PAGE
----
The music of John Thomas, “harpist-in-ordinary”
to Queen Victoria, is not a totally unknown quantity. There
has been a 2007 compilation of his music for harp and harp duo
from Naxos, and Elinor Bennett recorded his complete twenty-four
Welsh melodies in 1999 - unfortunately this latter double
CD set seems to be no longer available. The present disc however
gives us the first opportunity on disc to encounter some of
his song settings. Commendably the booklet with this issue contains
not only the complete Welsh texts of these songs but also rhymed
translations of the poems by Thomas Oliphant, which may not
be the last word in accuracy but give the listener who does
not speak the “language of the angels” a chance
to come to grips with some totally unfamiliar music.
This is not music of great sophistication, however. The pieces
for harp and harp duo are more or less elaborate arrangements
and sets of variations on various mainly Welsh themes. The songs
are basically strophic settings. Unlike earlier recordings of
Thomas, we are also given here the chance to hear Thomas’s
arrangements of pieces by Handel and Schubert, which are well
written for the harp but add nothing to our knowledge of the
composer or the arranger. Thomas was admired by such contemporaries
as Rossini, Liszt and Berlioz, but his straightforward transcriptions
have nothing of their style or flair.
The most substantial piece here consists of the three-movement
suite Cambria. Here the style adopted by the Morgan-Witsenburg
duo is at once very different from that preferred by the Lipman
Harp Duo on Naxos. Morgan and Witsenbug arpeggiate the opening
chords, luxuriating in the rich sounds; the Lipmans attack these
same chords without any arpeggiation at all and the result simply
sounds unidiomatic. They also launch into the opening movement
The camp with a will, shaving over a minute off the total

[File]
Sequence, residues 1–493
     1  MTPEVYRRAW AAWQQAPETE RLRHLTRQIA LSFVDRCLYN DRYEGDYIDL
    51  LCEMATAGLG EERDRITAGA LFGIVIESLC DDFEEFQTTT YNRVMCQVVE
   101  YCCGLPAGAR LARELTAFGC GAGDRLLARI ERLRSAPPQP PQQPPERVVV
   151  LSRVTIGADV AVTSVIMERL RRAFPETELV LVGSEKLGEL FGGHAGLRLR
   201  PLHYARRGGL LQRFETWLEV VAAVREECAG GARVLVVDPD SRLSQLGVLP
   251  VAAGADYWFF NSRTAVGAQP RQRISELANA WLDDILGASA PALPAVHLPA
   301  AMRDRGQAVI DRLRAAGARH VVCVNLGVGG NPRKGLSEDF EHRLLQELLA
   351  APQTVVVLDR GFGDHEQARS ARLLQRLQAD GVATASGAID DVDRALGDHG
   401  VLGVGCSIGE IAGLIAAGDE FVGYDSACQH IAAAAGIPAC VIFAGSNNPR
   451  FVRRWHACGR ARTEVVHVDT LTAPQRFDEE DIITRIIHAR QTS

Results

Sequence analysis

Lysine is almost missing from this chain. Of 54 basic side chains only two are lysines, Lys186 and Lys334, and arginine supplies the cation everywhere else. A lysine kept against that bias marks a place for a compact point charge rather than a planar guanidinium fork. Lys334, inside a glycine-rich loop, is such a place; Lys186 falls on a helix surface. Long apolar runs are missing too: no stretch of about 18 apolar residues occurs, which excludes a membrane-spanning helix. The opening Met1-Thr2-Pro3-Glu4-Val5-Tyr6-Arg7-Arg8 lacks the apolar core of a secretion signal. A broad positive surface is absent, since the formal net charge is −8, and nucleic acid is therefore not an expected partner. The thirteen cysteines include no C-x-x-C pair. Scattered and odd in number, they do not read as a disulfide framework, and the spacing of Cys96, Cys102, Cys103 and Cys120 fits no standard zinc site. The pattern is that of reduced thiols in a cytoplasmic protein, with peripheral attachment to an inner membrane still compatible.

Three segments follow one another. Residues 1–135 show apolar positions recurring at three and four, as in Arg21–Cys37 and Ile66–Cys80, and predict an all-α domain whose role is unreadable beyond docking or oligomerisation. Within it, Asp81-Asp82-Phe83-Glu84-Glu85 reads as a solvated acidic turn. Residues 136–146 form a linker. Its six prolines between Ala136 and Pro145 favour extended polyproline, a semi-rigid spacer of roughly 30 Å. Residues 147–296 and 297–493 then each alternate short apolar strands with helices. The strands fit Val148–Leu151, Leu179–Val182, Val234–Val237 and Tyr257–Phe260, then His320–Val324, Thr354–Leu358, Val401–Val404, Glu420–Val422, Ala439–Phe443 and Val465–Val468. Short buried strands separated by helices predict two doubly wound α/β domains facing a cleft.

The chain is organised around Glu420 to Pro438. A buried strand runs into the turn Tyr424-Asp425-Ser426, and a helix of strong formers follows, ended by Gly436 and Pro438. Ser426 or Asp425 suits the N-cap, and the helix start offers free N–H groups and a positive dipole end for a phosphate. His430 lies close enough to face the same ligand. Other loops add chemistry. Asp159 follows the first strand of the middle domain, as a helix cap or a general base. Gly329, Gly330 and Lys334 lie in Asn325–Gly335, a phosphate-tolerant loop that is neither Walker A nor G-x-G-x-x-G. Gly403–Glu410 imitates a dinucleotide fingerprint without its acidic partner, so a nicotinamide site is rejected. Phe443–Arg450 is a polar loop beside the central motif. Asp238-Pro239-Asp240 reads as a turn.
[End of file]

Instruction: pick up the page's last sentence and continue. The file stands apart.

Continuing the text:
duration of the suite by comparison. Morgan and Witsenbug not
only allow themselves more time but also phrase the tunes themselves
with more affection. However this is the only piece here which
duplicates any of the material on the Naxos disc, so collectors
will want to have both. The recording on this new release is
more atmospheric than in the Naxos release, with greater resonance
adding more body to the sound.
The other major work, not available elsewhere, is the Souvenir
du Nord where Thomas suddenly abandons Welsh tradition and
constructs a fantasia on Russian melodies. However none of the
melodies sounds particularly Slavonic in the treatment they
are given here. Indeed they could well be unknown Welsh folksongs.
The most beautiful of the harp pieces in this compilation is
the haunting Love’s fascination, where Thomas extends
his meditation on the tune Serch hudol over a five-minute
The songs, mainly Welsh, also include one setting of an English
poem, Thou art the star by Charles Long, a piece of cloying
Victorian sentimentality, and an Italian piece, La primola.
Here one must admit to some dissatisfaction with the singer.
Rachel Ann Morgan is a harpist who also sings, in the standard
Welsh tradition but her basically folk-orientated style of delivery,
which is fine with the Welsh settings, sounds decidedly uncomfortable
in what are effectively Italian or English art songs. Of the
Welsh traditional songs, The quarrelsome couple (Dadl
dau) is perhaps the most familiar to non-Welsh listeners.
Hoddinott employs it both in his settings of Welsh folksongs
and in his Welsh folksong suite. Before him Mathias had
also used it in the final movement of his Harp Concerto.
Both Hoddinott and Mathias treated the tune in a more upbeat
manner, and Morgan sounds rather lacking in character in what
is essentially a comic song. Oliphant’s rhyming translation
is particularly free and particularly inaccurate here. Gelert’s
grave, an aria from Thomas’s dramatic cantata Llewellyn,
was originally written to be accompanied by an ensemble of six
harps. It is a melodramatic and rather gory ballad, but Thomas’s
basic strophic setting badly lacks dramatic definition. Morgan’s
voice is unable to supply what is missing - Erlkönig
this emphatically is not. Queen Victoria would not have been
shocked, and probably not amused either.
It is odd to find a recording of such specifically Welsh music
coming from the Netherlands. However Dutch harpist Edward Witsenburg
has exactly the right feeling for the music that one would more
naturally expect from Rachel Ann Morgan. They combine well in
duet. The booklet notes come in both English and German, and
one is particularly delighted at this clear attempt to introduce
this music to an international market.
Paul Corfield Godfrey